2,000 evacuated, one dead as cyclone hammers Fiji

WELLINGTON • A storm pounding Fiji yesterday killed one man who was swept away in floodwaters, drove nearly 2,000 people into emergency shelters, and caused widespread damage.

National Disaster Management Office director Vasiti Soko has urged locals and the thousands of tourists in Fiji not to be reckless as Tropical Cyclone Sarai lashed the Pacific island nation with heavy rain and destructive winds.

With wind gusts strengthening to 150kmh during the day, Sarai destroyed houses and crops, brought down trees, cut power and caused considerable flooding in low-lying areas.

Thousands of holidaymakers were stranded, with flights to and from Fiji either cancelled or rescheduled. Fiji Airways, which suspended its services on Friday and yesterday, will resume most of its services from today.

New Zealander Melonie Sheppard, who was holidaying on Mana Island to the west of mainland Fiji, described the situation as "scary" and said the resort she was staying in was in lockdown.

"We're being hammered by intense winds and horizontal rains. The resort is providing packed meals and water direct to rooms when it can," she told the New Zealand Herald.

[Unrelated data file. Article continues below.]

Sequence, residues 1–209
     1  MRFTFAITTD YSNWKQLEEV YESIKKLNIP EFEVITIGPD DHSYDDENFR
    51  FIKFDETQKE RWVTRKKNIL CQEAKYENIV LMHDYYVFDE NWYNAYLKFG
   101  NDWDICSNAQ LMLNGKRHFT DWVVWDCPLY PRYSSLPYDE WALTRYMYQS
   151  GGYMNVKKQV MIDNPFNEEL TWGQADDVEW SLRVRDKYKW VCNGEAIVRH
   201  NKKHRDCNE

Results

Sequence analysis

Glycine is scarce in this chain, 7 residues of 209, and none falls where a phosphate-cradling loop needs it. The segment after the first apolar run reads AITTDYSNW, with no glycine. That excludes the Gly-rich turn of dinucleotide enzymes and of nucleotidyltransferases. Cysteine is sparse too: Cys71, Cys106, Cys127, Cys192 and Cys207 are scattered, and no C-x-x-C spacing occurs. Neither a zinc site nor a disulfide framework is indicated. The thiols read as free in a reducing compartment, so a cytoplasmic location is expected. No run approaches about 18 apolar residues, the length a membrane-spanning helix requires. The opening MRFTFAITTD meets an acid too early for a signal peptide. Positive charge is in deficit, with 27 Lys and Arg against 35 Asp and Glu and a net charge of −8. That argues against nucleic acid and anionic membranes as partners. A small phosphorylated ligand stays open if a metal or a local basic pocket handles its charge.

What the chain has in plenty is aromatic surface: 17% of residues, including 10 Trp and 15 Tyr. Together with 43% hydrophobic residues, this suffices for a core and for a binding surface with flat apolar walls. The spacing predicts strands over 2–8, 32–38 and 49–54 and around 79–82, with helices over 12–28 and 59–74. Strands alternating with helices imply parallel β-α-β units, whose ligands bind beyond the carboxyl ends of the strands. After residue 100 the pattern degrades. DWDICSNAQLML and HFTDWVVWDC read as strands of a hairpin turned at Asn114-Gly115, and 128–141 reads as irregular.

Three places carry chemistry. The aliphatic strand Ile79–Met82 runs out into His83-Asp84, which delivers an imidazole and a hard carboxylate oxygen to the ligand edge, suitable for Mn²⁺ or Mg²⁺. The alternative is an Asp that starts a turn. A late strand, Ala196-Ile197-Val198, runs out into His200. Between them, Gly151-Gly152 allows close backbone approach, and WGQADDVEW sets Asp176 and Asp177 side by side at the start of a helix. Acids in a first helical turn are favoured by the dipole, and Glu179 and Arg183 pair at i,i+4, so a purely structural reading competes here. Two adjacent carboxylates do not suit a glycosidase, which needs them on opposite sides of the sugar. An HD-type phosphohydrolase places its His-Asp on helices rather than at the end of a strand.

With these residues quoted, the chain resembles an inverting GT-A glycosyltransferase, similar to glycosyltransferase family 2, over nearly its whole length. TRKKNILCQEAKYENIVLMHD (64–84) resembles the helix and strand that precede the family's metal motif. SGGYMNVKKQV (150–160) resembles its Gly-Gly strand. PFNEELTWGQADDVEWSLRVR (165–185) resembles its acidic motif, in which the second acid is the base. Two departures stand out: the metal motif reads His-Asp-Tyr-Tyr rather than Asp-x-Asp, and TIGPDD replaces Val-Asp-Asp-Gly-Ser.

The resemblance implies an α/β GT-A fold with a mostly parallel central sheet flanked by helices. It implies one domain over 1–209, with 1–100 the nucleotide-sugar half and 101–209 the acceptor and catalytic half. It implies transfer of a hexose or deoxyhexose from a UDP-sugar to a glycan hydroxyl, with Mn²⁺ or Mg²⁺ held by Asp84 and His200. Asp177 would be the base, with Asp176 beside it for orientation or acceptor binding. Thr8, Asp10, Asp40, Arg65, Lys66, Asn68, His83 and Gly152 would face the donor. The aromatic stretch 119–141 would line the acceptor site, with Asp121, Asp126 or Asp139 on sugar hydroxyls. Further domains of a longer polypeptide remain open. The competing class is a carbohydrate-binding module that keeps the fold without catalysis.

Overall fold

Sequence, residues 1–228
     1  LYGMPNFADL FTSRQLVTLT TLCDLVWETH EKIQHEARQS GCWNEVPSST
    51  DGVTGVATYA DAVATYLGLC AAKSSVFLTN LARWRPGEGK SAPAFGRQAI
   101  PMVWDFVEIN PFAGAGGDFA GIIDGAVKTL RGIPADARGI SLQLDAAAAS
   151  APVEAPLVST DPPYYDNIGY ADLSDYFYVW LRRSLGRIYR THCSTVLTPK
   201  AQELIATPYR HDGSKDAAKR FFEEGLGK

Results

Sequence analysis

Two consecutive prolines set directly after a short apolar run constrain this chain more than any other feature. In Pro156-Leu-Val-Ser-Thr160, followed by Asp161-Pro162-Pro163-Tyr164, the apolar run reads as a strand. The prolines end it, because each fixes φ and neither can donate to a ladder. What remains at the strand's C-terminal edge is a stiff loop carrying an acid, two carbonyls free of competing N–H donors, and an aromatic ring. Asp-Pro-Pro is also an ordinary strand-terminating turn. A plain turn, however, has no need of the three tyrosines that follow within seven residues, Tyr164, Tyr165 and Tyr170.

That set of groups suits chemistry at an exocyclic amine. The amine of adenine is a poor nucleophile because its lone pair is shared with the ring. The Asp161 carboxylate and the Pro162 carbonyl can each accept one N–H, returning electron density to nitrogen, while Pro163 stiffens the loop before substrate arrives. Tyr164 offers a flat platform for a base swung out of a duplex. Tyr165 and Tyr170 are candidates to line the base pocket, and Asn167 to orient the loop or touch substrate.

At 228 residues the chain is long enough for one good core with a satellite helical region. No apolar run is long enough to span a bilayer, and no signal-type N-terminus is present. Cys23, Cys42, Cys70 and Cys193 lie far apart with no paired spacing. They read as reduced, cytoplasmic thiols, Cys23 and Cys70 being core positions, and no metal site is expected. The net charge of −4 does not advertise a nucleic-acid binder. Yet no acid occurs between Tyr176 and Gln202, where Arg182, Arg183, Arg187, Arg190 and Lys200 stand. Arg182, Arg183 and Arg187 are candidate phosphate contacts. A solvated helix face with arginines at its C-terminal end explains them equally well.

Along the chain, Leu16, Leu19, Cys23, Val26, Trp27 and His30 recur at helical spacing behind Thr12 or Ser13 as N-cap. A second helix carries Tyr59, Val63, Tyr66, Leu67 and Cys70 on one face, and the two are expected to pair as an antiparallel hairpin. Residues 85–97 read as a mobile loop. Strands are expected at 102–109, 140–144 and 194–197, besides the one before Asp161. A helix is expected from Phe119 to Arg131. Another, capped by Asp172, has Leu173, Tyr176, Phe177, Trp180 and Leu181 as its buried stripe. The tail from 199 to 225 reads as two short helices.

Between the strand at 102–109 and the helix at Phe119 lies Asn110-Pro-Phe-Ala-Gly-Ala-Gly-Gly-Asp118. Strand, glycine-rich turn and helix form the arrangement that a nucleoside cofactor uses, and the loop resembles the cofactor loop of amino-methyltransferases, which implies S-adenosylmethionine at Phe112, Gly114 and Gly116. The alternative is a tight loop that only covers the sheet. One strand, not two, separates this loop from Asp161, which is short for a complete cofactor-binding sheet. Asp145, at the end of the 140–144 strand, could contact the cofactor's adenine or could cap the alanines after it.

She described howling winds, flying debris and doors and windows shaking, adding: "Water is now leaking into some rooms - it's a bit scary at times."

The National Disaster Management Office said that as of mid-morning yesterday, 1,970 people had sought emergency shelter, adding that there had been no reports of any injuries.

However, an 18-year-old student drowned as he tried to cross a flooded river in waters on the southern island of Kadavu, 200km south of the Fijian capital of Suva.

On its present track, the cyclone is forecast to head towards Tonga, which has activated its tropical cyclone warning centre. The storm is expected to arrive there late today.


A version of this article appeared in the print edition of The Sunday Times on December 29, 2019, with the headline '2,000 evacuated, one dead as cyclone hammers Fiji'. Print Edition | Subscribe